A recent poll from EWTN found that neither Biden nor Trump is the preferred candidates for Catholic voters.
EWTN has recently released the second RealClear Opinion Research poll to focus on the leanings of US Catholic voters ahead of the midterms. The poll, which surveyed 1,581 Catholic voters, found that the faithful desire new candidates on both sides of the aisle, as the majority of respondents suggested that neither President Joe Biden nor former President Donald Trump should run for reelection in 2024.
On the matter of Catholic approval of Joe Biden’s performance as president, the majority of Catholics (52%) disapproved, with 47% citing strong disapproval. Around 46% of Catholic voters approve of Joe Biden, but of these only 14% felt strongly that Biden is doing a good job. EWTN noted that the gap between those who strongly approve and strongly disapprove could be significant for Biden’s chances of capturing the Catholic vote.
EWTN broke down the question of whether Biden should run for reelection by ethnicity. Only 17% of White Catholics said they would support his next campaign, while 62% said they would not. In Hispanic communities Biden’s support is higher at 28%, but still more than half of Hispanic respondents (53%) said he should not run again. He does however enjoy overwhelming support from African American Catholics, 94% of whom said Biden should run again.
On the Republican side, former President Donald Trump has even less support in his bid for reelection. Most Catholic voters (67%) said they do not wish to see Trump on the 2024 Republican ticket. Only 27% said they would support Trump in a new campaign and 10% were unsure whether the former president should run again in 2024.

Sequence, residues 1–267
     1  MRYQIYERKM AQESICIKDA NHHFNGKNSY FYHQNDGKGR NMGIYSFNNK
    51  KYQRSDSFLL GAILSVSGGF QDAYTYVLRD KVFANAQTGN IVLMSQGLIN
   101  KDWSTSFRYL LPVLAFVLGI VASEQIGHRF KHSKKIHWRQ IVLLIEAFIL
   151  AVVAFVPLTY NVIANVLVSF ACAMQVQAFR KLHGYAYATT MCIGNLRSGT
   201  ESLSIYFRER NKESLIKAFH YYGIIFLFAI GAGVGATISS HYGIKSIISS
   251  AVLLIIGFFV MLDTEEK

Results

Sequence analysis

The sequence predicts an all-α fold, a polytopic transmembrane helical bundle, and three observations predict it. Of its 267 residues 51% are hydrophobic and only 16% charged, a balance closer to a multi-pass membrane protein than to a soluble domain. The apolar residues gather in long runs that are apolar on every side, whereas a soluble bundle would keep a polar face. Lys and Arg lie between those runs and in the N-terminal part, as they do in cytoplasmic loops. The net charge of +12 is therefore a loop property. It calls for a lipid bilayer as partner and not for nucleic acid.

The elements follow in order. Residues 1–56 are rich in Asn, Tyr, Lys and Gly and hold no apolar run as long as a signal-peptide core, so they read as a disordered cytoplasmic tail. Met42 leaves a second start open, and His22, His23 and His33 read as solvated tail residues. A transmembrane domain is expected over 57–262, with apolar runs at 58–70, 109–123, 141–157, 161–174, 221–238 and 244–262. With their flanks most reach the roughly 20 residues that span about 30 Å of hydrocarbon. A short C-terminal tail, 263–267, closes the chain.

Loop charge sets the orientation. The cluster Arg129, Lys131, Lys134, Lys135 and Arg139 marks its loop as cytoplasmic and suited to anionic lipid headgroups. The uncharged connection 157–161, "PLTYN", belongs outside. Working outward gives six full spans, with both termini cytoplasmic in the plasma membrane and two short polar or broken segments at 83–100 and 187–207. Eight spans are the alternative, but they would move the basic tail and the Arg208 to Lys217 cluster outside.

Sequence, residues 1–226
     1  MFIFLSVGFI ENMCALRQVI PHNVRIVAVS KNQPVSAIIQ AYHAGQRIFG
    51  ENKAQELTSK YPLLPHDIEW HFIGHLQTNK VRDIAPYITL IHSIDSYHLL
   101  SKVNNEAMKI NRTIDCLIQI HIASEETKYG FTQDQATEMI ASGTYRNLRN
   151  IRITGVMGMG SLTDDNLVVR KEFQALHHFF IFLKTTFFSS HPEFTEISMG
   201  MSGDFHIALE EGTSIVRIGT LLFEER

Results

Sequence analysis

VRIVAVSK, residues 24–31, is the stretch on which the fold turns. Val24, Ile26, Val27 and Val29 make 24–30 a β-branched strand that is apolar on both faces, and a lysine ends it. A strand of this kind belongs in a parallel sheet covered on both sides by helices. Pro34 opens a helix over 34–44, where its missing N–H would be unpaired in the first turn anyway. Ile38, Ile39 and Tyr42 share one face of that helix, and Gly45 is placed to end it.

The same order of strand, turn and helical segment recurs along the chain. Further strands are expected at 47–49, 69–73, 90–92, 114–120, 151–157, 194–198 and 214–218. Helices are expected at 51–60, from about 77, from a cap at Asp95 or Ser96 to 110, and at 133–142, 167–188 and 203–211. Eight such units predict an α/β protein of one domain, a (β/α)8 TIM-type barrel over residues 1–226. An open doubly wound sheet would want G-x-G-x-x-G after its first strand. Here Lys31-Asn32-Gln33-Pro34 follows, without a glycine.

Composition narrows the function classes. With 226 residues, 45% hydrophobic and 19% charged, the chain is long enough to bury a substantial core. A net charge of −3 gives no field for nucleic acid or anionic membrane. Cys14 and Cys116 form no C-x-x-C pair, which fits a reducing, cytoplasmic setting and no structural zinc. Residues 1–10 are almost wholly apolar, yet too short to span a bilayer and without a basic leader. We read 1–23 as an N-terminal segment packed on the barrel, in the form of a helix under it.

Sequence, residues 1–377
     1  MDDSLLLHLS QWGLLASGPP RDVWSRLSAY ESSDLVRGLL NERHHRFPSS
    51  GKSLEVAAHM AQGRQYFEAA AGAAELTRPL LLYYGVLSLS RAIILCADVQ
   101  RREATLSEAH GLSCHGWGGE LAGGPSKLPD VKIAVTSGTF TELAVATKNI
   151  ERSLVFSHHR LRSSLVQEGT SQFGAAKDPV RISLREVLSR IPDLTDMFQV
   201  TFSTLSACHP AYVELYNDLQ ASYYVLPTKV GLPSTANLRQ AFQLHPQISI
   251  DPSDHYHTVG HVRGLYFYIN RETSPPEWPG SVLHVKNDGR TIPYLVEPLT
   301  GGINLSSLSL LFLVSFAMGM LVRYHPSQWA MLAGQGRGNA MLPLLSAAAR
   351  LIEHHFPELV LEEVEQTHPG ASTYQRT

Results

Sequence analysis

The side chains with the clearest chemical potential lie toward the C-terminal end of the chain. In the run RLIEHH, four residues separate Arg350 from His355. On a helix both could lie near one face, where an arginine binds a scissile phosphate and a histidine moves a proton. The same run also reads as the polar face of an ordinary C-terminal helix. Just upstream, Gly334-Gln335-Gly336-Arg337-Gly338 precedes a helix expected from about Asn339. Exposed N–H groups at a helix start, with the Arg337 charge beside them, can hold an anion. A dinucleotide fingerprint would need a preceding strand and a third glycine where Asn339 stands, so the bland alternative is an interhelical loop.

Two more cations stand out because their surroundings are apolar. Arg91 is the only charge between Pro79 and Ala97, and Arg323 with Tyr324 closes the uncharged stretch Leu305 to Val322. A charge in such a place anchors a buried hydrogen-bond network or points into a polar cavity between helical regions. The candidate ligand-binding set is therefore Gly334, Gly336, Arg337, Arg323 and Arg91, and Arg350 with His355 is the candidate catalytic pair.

It is unclear exactly how President Biden’s stance on abortion will affect his sway with Catholic voters. Even though 87% of Catholics responded that they would like to see some level of restrictions applied to abortion, they were solidly split on whether the law should be left up to the federal government (48%) or state governments (46%). Furthermore, they were split on how far restrictions should go. EWTN breaks down the specifics:
“Overall, most Catholics favor restrictions ranging from abortion should be allowed only in cases of rape, incest, or to save the life of the mother, 27%; until 15 weeks, when the baby can feel pain, 20%; only during the first six months of pregnancy, 13%; until a heartbeat can detected, 10%; or only to save the life of the mother, 9%.”
While abortion has been thrust to the spotlight of political discussion with the Supreme Court’s decision to overturn Roe v. Wade, only 10% of Catholic voters said it was the most important issue to earn their vote. The topic that a plurality (34%) of Catholic voters said was their biggest concern was inflation, with the economy and employment rate right on its heels at 20%.
Eighty-one percent of Catholic voters said they had felt the impact of inflation in recent months and 41% (the plurality) placed the blame on Biden and his administration. The majority of Catholic voters (54%) also expressed skepticism that Biden’s proposed Inflation Reduction Act would actually reduce inflation.